Dr. Martone

(00:14:28)

Yeah, because when I put you into this position, one of the things that people feel or some of the feedback I get, they wake up and they feel like they’re falling backwards or they’re falling off a cliff. It’s because the position I need you in, your body’s not safe. So the body will toss and turn for three reasons. Number one, because it’s in pain. Number two, your core temperature’s too warm. The breathing issue is another one. And number four is because your body does not feel safe because there’s a… So we’ve always been taught go to sleep, but we’ve never been taught how to sleep.

(00:15:08)

So I grew up in Malden, Massachusetts. It was right on a busy street. There was a bus stop right in front of my house and my bed was against the window that was on the front porch. So I could remember as a kid always thinking that somebody was going to smash through the window and steal me. So I would fall asleep, curled up in a ball with pillows and stuffed animals all around me because that’s how I felt safe, and that is how I learned to sleep. And most of us feel safe. So when I put you into this position, you’re going to feel exposed, you’re not going to feel comfortable because you have this forward head posture, people have bunions, they lean so far forward. So when you’re put into this position, you feel unsafe. So that’s where we talk about using pressure on your chest, pressure over your eyes, different things that you can do to support yourself when you’re starting to fall asleep in this position.

Stu

(00:16:08)

So, tell me then about this sleep posture because I know that you mentioned side sleeping and twisting and turning and shuffling. I do it. I am a side sleeper. Couldn’t ever think about any other way to possibly go to sleep. And I jumped onto your socials the other day and you had a chart and it was a figure, and I think there maybe were nine different postures in there. And I was like this guy with a leg at 90 degrees and the hand, and one was behind a pillow, and that was me to a T. But then seeing the way that you are talking about sleeping is worlds away to how I sleep. So, I’m keen to see more.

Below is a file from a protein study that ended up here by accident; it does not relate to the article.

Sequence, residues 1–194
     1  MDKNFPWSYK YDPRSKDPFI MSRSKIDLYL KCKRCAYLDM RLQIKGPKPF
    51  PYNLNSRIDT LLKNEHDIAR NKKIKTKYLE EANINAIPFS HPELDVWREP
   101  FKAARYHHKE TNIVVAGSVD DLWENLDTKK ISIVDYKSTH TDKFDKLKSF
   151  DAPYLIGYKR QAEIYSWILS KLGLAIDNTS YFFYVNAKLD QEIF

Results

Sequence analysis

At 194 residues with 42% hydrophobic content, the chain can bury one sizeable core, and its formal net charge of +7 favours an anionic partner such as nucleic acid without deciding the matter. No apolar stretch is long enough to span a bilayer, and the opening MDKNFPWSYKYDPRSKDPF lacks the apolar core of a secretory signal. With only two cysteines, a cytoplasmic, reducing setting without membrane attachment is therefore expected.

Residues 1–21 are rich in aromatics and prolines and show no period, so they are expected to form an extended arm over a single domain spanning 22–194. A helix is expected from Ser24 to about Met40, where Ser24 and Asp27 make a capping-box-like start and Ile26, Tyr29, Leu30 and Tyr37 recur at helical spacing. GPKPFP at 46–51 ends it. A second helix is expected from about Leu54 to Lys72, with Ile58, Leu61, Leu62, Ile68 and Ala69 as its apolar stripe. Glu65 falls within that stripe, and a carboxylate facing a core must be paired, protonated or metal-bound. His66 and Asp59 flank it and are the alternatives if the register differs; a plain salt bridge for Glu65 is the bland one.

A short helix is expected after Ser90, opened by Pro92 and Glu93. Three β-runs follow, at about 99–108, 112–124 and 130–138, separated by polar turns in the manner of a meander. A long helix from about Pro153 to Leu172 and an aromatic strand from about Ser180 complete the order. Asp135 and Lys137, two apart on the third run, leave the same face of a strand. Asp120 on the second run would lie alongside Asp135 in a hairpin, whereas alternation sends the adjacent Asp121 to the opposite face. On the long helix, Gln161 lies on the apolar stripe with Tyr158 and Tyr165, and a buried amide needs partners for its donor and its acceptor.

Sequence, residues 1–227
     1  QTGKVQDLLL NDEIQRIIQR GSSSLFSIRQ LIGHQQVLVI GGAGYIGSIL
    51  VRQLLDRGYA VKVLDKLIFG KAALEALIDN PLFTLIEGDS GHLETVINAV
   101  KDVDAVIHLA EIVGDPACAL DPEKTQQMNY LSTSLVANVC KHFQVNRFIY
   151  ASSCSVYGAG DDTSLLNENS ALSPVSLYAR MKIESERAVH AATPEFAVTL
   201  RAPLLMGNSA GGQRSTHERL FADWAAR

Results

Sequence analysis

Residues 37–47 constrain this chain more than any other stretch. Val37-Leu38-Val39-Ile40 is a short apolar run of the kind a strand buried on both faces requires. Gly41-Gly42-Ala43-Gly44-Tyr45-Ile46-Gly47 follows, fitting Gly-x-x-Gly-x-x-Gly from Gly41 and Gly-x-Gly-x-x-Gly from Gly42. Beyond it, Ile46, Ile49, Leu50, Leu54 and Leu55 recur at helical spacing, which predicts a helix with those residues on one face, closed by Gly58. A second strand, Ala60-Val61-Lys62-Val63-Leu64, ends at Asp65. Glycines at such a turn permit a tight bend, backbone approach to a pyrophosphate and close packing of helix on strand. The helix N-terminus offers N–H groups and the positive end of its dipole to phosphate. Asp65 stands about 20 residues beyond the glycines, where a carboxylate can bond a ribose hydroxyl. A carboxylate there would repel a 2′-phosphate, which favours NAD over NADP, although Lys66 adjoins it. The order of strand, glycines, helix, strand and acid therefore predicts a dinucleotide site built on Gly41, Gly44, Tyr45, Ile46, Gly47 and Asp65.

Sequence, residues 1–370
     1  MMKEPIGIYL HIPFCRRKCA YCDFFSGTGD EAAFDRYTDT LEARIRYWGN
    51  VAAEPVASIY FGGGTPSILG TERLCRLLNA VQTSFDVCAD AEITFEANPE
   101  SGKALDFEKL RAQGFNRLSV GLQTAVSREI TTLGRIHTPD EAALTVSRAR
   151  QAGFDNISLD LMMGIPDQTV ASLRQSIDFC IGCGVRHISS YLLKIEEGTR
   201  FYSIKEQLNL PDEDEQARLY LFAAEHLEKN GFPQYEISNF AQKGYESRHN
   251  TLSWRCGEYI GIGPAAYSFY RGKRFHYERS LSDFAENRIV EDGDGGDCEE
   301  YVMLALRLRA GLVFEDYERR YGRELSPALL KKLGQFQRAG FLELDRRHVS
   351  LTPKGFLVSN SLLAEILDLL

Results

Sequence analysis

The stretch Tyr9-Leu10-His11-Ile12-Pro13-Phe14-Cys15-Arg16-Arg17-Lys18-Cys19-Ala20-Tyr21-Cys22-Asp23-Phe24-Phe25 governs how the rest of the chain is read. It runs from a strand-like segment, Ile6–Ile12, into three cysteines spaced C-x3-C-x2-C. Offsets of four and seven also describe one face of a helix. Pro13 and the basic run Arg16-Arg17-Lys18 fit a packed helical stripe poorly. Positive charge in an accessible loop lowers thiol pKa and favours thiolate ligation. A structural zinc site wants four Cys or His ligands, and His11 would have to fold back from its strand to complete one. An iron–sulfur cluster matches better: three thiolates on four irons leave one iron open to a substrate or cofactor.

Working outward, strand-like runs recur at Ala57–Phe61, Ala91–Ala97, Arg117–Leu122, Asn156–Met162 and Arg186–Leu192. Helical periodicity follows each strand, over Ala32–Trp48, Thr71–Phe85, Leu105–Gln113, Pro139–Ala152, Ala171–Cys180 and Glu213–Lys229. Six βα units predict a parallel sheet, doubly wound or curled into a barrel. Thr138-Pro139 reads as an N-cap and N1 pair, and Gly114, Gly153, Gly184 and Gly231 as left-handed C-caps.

Dr. Martone

(00:16:47)

So if we think as two individuals, and what most people don’t realize is that, and this is something that I have no idea how this concept has missed our current health paradigm. The structure of your spine plays a significant role in protecting the central nervous system. And when the structure of your spine is out of alignment, it affects the function of the nervous system. So, alignment is critical to maintain at night. If not, you’re going to compress a specific nerve, and especially in the neck, it’s called the vagus nerve. You’re going to compress the vagus nerve. You’re going to suppress vagal tone, and it’s going to give you a relative sympathetic dominant tone.

(00:17:42)